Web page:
Sarah Whites-Koditschek

Sarah Whites-Koditschek is a Little Rock-based reporter for Arkansas Public Media covering education, healthcare, state politics, and criminal justice issues. Formerly she worked as a reporter and producer for WHYY in Philadelphia, and was an intern and editorial assistant for Morning Edition at National Public Radio in Los Angeles and Washington D.C.

Sarah is a graduate of Smith College, where she earned a bachelor’s degree in American Studies. She was a student at the Stabile Center For Investigative Journalism at Columbia University's Graduate School of Journalism.

She has won awards from the Associated Press in Arkansas as well the Public Radio News Directors Inc.

Contact Sarah at sarah@arkansaspublicmedia.org or 501-683-8655.

On today's show, Mercy breaks ground on a $40 million multispecialty clinic in Springdale, the University of Arkansas at Fayetteville joins a handful of schools on the U.S. mainland to offer tuition help to Puerto Rican students and a growing neighborhood in Fayetteville takes up a nickname that dates back to the 1880s. We also discuss the 500th anniversary of the Reformation and the local events that will commemorate it.

SARAH WHITES-KODITSCHEK / ARKANSAS PUBLIC MEDIA

 

Victims of Hurricane Maria are weighing the possibility of a fresh start in Arkansas this winter.

The University of Arkansas at Fayetteville is among a handful of schools on the United States’ mainland offering tuition help to Puerto Rican students whose universities were damaged and closed after the storm.

Violeta Lorenzo-Feliciano, a Spanish professor who studies literature from Puerto Rico and the Caribbean, raised the idea with the university’s administration after hearing on social media about a movement among universities to help Puerto Rican students.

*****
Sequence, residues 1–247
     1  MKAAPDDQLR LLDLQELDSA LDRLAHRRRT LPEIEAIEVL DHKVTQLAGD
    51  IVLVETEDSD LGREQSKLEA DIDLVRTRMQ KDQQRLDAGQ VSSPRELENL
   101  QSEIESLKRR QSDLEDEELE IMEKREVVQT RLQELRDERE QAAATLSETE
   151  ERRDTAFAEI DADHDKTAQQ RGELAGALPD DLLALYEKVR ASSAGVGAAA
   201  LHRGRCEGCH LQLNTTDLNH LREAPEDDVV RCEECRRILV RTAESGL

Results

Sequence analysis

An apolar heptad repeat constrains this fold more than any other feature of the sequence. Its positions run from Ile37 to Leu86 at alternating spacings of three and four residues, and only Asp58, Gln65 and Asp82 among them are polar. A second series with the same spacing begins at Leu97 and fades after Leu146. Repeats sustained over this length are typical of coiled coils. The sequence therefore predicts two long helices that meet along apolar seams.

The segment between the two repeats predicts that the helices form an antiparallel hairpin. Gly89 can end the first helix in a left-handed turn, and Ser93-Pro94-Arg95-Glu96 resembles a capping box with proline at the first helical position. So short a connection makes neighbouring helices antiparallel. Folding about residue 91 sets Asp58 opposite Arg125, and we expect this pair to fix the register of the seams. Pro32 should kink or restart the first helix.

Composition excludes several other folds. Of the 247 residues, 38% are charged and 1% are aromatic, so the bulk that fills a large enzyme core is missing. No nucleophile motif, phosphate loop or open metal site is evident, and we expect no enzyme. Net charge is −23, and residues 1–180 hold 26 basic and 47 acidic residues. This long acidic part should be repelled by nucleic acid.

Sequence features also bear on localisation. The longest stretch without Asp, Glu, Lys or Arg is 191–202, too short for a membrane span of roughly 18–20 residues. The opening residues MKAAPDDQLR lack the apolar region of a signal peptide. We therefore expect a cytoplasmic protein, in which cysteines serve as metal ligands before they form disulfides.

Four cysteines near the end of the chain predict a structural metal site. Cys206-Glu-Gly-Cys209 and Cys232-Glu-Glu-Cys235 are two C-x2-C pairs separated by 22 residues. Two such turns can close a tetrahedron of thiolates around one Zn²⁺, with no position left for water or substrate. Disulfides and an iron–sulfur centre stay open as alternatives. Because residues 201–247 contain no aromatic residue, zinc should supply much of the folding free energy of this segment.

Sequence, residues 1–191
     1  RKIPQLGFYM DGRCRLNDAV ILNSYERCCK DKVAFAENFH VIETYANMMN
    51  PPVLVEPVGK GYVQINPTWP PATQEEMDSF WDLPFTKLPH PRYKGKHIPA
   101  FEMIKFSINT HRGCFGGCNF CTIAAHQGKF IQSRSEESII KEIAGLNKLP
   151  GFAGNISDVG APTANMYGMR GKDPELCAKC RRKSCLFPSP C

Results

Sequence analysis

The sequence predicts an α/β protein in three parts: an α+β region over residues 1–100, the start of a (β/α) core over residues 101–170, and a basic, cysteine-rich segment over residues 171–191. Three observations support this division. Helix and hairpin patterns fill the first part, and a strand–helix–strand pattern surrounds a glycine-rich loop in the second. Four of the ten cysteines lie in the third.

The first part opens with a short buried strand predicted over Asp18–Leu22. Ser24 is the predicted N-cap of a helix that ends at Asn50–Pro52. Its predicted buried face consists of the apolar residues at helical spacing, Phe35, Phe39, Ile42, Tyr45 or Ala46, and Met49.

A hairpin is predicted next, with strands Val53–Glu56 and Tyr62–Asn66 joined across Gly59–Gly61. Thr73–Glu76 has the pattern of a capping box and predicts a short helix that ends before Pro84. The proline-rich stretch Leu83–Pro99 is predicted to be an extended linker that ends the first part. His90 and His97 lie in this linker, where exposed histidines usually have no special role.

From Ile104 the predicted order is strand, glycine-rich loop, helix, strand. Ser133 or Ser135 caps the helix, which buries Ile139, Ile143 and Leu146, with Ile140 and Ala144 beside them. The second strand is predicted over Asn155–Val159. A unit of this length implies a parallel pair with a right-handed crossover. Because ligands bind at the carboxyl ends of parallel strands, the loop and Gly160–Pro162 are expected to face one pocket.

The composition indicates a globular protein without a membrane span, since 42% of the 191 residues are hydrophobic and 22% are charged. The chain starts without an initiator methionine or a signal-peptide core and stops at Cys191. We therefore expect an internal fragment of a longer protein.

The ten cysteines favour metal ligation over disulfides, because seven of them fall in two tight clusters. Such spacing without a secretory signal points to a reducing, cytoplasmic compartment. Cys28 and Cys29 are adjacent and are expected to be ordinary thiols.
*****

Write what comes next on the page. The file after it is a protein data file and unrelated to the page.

Victims of Hurricane Maria are weighing the possibility of a fresh start in Arkansas this winter.

The University of Arkansas at Fayetteville is among a handful of schools on the United States’ mainland offering tuition help to Puerto Rican students whose universities were damaged and closed after the storm.

A group of teens play volleyball during recess at a youth lockup facility in Harrisburg in Northeast Arkansas. They are in custody for doing things like breaking and entering, possessing a firearm, or stealing a car, and they will be there anywhere from a few months to a couple of years.

On their 60th anniversary return to Central High School last week, the  Little Rock Nine — the nine students who desegregated Central in 1957 — called for continued efforts toward integration in education.

Arkansas Public Media spoke with professor Erica Frankenberg of Penn State University about her study on the re-segregation of the South.

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